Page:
Nancy Drew Dossier: Resorting to Danger Review

By David Stone |

The first Nancy Drew Dossier game, Lights, Camera, Curses! was a great success. It managed to combine fun, accessible hidden object gameplay with logic puzzles, some arcade mini-games and the usual high-quality Nancy Drew production values and story into one great product. After many months of waiting, the second title of the series, Resorting to Danger! manages to repeat the same great formula while improving upon the few nagging issues with the first.

In Resorting to Danger!, Nancy is hired by a swanky spa resort manager, who is trying to find out who is detonating troublesome, goo-filled bombs. While nobody’s life is in jeopardy, the upper-crust guests are mortified, and the spa would go out of business if the bomber isn’t stopped.

Of course, there are a number of people who are working at the resort, and each has their own reasons for wanting to sabotage the business. From the creepy janitor to the biochemist desperate to get recognition for his work to the rude dilettante film star, there are enough twists to keep you guessing. This motley crew of characters is one of the best yet in any Nancy Drew game.

Like the first game, the goal is to complete each scene by finding object, and pairing them with other objects in the scene. It’s not an impossible task, as the number of objects to be found is listed, and a sparkle and sound appear when your magnifying glass cursor pass over an important clue.

Working with found objects is a logic puzzle in itself. For example, suppose you have some tape, a phone, a torn up business card and a computer needing a password. The computer says that the password is stored on a cellphone, but Nancy can’t find it. So, she tapes up the business card to reveal a cellphone number, dials the number on the card to make the cellphone ring, finds it, and gets the password to log into the computer. Other times, it’s like following a recipe, just going through steps in a proper order.

The steps are never guesswork, as there are always clues you can easily refer to in order to progress. The diary, which was often vague in the first game, is a great resource the second time around. Clues are easy to reference, and plot points are also clearly written out. The goal of what you’re trying to do is written out for you, and can be elaborated on by clicking on it. You’ll also get a ton of hints as you play, so don’t worry if an object isn’t apparently visible. I ended up finishing the game with about 50 of them.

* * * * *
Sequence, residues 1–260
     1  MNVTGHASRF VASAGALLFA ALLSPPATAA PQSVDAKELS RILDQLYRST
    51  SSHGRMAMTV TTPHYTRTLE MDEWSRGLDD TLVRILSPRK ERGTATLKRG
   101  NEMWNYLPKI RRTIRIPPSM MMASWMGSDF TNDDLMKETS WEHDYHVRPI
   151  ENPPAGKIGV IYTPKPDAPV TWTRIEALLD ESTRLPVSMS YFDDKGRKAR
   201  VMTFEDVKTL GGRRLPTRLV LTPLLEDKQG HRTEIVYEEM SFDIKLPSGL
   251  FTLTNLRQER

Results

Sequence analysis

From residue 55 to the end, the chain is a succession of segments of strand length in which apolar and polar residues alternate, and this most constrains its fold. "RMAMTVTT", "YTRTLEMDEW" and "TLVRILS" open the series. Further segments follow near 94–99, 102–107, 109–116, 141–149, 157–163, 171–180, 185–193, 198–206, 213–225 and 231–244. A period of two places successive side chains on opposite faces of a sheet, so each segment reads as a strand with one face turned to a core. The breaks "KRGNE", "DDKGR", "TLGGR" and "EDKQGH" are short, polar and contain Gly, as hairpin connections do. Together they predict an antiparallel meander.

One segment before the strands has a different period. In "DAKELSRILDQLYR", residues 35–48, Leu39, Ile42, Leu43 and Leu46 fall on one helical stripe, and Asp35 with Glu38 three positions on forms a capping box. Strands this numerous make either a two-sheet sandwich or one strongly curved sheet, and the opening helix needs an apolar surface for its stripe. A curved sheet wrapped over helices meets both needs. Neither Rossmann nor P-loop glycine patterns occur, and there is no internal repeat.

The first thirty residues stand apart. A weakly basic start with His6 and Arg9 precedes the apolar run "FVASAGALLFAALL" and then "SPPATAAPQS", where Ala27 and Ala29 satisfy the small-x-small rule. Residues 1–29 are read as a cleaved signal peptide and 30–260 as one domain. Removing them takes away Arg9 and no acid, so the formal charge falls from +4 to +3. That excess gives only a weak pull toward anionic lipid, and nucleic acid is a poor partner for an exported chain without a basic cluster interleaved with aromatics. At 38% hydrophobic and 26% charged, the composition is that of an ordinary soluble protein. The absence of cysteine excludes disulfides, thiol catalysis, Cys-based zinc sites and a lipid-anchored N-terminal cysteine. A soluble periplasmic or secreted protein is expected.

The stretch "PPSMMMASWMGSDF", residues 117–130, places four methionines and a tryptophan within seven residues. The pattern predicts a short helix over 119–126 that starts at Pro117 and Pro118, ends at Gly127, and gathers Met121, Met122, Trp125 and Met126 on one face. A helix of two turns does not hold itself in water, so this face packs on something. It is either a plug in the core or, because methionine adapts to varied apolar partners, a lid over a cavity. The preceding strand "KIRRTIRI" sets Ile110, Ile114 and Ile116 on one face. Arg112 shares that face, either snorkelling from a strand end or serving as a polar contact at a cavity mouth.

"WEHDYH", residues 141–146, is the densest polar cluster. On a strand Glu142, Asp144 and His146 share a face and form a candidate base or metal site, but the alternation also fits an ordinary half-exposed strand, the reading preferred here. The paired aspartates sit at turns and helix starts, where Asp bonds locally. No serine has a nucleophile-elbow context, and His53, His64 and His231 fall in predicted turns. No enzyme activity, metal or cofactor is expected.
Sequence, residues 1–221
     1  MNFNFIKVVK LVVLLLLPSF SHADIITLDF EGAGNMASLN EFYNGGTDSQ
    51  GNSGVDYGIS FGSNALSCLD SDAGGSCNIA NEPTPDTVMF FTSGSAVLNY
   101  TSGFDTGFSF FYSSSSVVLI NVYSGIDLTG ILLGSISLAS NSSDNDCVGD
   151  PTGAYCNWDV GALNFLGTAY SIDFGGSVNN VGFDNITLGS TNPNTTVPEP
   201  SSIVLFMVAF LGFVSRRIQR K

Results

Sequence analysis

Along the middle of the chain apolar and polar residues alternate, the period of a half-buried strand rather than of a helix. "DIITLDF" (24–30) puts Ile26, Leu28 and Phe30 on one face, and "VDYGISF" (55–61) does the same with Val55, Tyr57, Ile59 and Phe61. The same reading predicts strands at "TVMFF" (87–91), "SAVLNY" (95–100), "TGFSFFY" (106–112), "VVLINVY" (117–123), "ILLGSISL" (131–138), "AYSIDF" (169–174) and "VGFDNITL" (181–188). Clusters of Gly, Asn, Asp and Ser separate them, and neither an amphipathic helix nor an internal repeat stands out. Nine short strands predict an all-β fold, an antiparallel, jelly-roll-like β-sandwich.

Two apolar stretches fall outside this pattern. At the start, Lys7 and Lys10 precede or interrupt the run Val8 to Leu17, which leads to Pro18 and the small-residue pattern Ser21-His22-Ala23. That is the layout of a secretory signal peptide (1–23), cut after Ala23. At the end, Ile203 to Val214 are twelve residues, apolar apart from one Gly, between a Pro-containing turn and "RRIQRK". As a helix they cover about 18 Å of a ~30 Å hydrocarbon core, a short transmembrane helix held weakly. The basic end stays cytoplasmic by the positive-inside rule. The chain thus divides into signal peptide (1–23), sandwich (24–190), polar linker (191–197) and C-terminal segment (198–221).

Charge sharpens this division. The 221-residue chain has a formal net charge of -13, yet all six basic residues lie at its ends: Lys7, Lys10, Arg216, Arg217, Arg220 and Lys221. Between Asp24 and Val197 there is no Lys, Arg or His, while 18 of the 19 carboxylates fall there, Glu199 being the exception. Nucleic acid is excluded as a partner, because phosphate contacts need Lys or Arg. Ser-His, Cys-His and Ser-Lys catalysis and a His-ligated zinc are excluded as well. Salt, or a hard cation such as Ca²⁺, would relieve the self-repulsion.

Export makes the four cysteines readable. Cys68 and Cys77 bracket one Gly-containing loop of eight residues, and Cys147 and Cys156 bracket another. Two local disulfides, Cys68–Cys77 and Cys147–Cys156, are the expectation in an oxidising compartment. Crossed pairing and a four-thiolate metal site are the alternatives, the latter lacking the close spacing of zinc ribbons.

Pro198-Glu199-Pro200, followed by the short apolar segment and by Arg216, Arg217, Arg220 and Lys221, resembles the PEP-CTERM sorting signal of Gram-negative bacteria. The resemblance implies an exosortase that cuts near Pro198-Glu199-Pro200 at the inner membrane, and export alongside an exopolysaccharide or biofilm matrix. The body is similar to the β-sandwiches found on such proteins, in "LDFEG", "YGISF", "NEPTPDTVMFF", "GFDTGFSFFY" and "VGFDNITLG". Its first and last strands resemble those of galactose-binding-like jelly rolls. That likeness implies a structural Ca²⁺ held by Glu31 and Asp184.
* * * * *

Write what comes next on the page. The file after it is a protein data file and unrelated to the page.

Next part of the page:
Another big improvement is the user interface at the bottom. In the first game, the actions were sometimes are to figure out (i.e. should you be pulling, flipping or looking at an object?). Here, if you need to look at something, the game automatically makes a little eye icon, taking the guesswork out. The other actions – such as push, pull or lift – vary form scene to scene, and are very clear.

Minigames make a return, too, and are more fun and varied than before. From a great tile-swapping game to a Hexic or Bejeweled Twist-style rotating match-three game to a surprisingly-fun facial series, Nancy Drew will have her hands full with lots to do. Only one minigame is timed (a bomb-diffusing minigame where you have to finish building a connecting line between two points), and you can replay it until you finish without penalty. None of the mini-games can be skipped, though, which may bother some players.

Conversations are back, and once again, Nancy has to listen carefully to what’s being said and pick the appropriate response. In between scenes, you’ll also have to figure out where to go – which isn’t that tough. You’ll need to have your wits in order to get the best score.

Again, if you want the best ending, you’ll need to achieve the highest ranking by earning a great score. The better you perform in minigames and making successful successive matches, the higher the score. Her Interactive says there are six different endings, so you’ll need to be a super-sleuth to see them all, adding to the replay value.

Resorting to Danger! uses the same pencil-drawn look as the first title, and once again, it looks great. The soundtrack is well-written, and like usual, the voice acting is top notch. The characters are more believable than ever. Tipping the hat to players of the first game, there are a number of references to the movie Pharaoh, and a few of the cast members.

In fact, if Resorting to Danger! has any flaws, they reside in one big puzzle right at the end, which made obscure references to Greek mythology and people. I scoured my diary to no avail, and had to Google information about the people that I needed to match with objects. Perhaps I missed something, but it was a problem that needed some outside detective work in order to successfully finish the game.

Other than one difficult puzzle, Resorting to Danger! keeps all the great features of the first title and builds on a great formula. Do no hesitate to take a trip to the spa with Nancy, but be sure to watch your back!

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